But what about now - the Space Shuttle program is ending in 2010, what’s going to replace it? Well if Sir Richard Branson has his way anyone will be able to go into space as long as they can afford a ticket ($200,000). As I am typing this he is building the worlds first consumer oriented spaceport. The V.S.S. Enterprise (Virgin Space Ship) from Virgin Galactic is reportedly 60% completed. Branson based his design off of the X-Prize winning Space Ship One which now hangs in between the X-1 (the plane that first broke the sound barrier) and The Spirit of St. Louis (the first plane to cross the Atlantic ocean) at the Smithsonian National Air and Space Museum in Washington DC. Of course NASA has plans too. The Ares program will replace the Space Shuttle in 2020. The Ares rocket will be able to put payloads into orbit such as the new Orion Spacecraft, which has been designed to be a big part in our return to the moon and for our first trip to Mars.

Any parent who asks their child what they did in the class can point to these two very real programs that will take place in the very near future – in their lifetimes and say that they heard it first in Star Trek class.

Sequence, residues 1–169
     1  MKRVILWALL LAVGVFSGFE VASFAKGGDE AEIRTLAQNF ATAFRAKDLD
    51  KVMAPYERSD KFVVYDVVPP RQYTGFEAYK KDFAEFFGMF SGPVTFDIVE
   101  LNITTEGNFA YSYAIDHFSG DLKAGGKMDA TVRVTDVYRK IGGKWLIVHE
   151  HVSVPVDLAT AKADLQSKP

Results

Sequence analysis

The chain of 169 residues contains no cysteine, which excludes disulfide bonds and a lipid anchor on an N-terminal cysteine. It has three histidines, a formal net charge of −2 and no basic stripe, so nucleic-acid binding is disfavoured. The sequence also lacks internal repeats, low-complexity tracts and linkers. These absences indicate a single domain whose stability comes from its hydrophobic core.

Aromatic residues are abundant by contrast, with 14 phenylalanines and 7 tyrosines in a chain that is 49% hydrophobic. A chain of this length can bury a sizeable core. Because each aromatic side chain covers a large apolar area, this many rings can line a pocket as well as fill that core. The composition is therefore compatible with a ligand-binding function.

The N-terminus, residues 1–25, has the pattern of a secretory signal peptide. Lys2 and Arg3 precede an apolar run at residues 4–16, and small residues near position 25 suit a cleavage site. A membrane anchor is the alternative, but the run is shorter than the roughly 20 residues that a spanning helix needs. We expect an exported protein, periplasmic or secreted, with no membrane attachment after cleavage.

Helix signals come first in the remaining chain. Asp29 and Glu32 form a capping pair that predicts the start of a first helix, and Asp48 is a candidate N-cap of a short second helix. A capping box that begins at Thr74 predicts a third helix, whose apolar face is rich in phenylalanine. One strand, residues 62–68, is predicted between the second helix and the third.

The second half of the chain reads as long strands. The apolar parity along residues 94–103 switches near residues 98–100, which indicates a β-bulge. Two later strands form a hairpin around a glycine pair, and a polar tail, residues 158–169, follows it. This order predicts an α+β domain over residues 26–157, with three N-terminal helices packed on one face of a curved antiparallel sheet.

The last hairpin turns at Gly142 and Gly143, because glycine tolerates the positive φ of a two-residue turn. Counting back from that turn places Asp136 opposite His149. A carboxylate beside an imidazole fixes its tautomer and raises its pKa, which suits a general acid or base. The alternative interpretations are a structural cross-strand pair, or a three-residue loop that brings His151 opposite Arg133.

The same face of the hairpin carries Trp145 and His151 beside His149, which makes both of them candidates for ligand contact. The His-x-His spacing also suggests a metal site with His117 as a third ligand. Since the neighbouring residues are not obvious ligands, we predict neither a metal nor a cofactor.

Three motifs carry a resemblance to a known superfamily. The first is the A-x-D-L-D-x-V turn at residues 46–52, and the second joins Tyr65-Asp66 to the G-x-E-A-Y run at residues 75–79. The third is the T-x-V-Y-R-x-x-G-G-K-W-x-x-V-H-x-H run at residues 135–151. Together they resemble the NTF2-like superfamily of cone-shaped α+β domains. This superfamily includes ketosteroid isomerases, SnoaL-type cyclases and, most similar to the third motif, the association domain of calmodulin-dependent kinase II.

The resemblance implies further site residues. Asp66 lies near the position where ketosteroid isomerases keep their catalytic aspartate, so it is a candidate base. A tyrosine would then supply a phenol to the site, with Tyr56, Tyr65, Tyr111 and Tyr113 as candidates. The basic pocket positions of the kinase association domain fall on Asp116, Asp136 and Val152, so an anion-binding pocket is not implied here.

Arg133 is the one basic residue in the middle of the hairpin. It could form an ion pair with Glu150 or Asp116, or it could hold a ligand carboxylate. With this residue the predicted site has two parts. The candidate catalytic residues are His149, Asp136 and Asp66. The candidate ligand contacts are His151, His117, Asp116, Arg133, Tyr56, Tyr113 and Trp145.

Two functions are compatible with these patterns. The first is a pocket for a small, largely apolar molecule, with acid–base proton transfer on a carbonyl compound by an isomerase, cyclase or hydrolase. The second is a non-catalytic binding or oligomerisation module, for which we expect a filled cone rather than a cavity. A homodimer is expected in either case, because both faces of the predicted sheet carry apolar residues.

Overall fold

“Yeah, but did you cover anything Star Trek related?” you may ask.

Have you not been listening? We are outlining the history of the future here! Of course we covered Star Trek but you must understand that Star Trek is based on the world we know – the world in which we live. We are just pre-warp drive society... for now. Other things covered in the class were our solar system & galaxy; how long a year is on Mercury as opposed to right here on Earth, robotics & androids (such as Mr. Data), conversational Klingon (such as Hab SoSlI' Quch! “Your mother has a smooth forehead!”), and just where each of the student’s would sit on the bridge of the Enterprise. We were going to cover dangerous alien species such as targhs, tribbles, & Ceti-eels and have a guest speaker but the guest speaker from an organization that will remain nameless (who is not the SPCA or any of the local zoos) never showed. I choose to believe the no call no show was due to a miscommunication just one or two levels above the woman who told me she would come if it was cleared with her supervisor (whom I also spoke with). Another possibility is that this organization heard that they would be presenting to a Star Trek class and failed to see any connection with what they do. I had an alternate lesson just in case; just in case happened so Plan B went into effect. The kids now know more about robots in today’s world than they do about dangerous animals.